I think that what the books could have used was more diversity in soldier humans.

 

We got more 'Rookies', 'disaffected grizzled types' and poorly-made Abnett-Guard clones than I can shake a stick at. We never got to see through the eyes of the elite regiments though, we never got to see through the eyes of any of the Solar Auxilia Regiments nor through the eyes of the Old Hundred beyond the guys in the one Old Hundred Regiment known for not using people of their own background as officers. 

 

We never really saw 'great crusade soldiers'.

 

It was also frankly stunning how casual and disinterested alot of the humans were. I'm sorry but if your character is telling me that their story isnt interesting, and the narrator is agreeing, why should I give a damn? 

 

The problem is that alot of the writers did that with the Astartes too. Most spent so much time on Astartes that had little to nothing to do or say about their legions that they just started blending together in alot of cases.

 

Its disturbing how many people genuinely believe 'well an Astartes is just like any other Astartes'. Maybe it is because of the stronger writers, maybe it is FW's efforts. But that should be a staggeringly ignorant thing to say. Yet, thanks to alot of writers not really trying to check what had already been done, it can be fairly said.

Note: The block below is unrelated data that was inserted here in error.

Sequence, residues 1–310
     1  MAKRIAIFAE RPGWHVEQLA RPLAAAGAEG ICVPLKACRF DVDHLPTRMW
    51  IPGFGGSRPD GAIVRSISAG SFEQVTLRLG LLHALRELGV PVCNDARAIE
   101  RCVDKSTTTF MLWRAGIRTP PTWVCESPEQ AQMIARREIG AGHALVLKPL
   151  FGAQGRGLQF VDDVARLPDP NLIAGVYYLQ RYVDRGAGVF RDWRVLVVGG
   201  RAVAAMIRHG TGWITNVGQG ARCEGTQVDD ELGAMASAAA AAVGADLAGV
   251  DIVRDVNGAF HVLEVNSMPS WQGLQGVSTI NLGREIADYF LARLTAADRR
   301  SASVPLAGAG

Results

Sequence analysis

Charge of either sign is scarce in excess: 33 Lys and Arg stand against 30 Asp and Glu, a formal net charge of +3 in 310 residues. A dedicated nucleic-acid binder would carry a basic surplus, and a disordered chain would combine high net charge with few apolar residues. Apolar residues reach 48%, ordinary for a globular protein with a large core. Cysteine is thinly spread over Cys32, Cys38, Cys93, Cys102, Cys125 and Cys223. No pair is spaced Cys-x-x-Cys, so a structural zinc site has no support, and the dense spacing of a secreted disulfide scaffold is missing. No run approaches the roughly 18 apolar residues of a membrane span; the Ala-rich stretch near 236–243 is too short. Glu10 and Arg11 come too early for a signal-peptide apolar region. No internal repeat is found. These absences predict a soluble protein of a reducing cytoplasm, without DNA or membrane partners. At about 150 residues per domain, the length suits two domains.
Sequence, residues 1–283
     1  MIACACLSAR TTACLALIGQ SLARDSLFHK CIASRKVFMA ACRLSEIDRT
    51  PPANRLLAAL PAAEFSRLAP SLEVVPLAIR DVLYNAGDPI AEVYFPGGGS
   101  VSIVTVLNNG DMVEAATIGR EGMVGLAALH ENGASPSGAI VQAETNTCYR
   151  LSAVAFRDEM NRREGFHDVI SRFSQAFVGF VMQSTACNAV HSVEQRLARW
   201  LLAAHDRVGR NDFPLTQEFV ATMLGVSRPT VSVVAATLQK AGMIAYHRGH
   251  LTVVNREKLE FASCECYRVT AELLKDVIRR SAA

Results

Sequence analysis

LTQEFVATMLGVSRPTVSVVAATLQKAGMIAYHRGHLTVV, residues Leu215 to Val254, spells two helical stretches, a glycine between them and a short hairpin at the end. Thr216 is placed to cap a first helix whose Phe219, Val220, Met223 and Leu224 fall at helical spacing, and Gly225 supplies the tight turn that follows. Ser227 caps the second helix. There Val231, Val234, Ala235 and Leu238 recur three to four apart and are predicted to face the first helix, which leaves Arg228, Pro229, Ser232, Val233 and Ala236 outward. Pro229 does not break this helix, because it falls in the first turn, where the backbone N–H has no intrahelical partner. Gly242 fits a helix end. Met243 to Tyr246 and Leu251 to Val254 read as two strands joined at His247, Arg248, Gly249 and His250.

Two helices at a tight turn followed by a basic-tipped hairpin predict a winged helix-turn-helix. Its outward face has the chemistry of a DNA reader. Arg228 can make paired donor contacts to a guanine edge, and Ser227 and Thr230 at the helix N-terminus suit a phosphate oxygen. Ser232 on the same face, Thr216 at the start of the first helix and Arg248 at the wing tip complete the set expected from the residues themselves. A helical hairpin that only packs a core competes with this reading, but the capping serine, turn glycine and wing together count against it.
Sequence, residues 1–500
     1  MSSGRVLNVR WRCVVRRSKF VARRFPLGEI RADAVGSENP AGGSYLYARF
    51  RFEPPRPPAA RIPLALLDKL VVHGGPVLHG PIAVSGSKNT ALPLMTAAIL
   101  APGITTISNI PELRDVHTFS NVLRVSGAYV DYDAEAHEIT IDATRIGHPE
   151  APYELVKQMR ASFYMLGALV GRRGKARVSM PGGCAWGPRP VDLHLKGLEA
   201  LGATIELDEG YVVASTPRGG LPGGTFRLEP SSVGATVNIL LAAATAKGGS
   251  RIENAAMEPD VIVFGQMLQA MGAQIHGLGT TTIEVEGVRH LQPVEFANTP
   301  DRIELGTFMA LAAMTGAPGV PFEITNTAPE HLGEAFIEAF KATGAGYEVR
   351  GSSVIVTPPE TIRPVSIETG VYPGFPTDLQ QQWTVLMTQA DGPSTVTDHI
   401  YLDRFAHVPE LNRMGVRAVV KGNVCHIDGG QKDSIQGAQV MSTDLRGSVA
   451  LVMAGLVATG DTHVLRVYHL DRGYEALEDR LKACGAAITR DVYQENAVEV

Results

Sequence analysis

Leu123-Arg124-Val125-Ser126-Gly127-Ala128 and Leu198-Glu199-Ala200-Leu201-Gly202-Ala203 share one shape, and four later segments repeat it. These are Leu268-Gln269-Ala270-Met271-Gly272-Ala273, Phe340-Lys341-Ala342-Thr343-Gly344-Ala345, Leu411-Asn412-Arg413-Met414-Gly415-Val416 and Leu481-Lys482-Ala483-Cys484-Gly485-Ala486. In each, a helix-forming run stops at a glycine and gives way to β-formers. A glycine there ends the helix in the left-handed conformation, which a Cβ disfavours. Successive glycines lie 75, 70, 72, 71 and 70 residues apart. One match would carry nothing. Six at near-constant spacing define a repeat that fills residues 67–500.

Its also worth noting that some Legions got zero to do, despite being big players. But we somehow got a ton of books focused on Legions that did next to nothing in the Heresy (coughSalamanderscough). 

 

Its deeply irksome.


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#30
Knockagh

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Euphratii and Sinderman are some of my favourite heresy characters. The roles of imagers, remberancers and iterators were superb additions to the whole 30k setting and contributed to giving 30k a flavour set aside from 40k.
Certainly guard content was a gaping hole in the books. We had that really weird time when the heresy black books were pushing human armies and FW were releasing models but they didn’t even appear in the main series, never mind getting a dedicated book.
A previous poster pointed at Lauries obsession with canon lore and particularly his own take on it as a driving force for him and that certainly comes across in old interviews he did at the time. I’m imagining this could be stifling for authors who, rightly so, are used to getting a good deal of space to operate within.

#31
Xisor

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 To give an example, can you give me a good idea of what the comic guy contributed to Fear to Tread?

To pose a competing question: can you give me a good idea of what Fear to Tread contributed?

 

Spoiler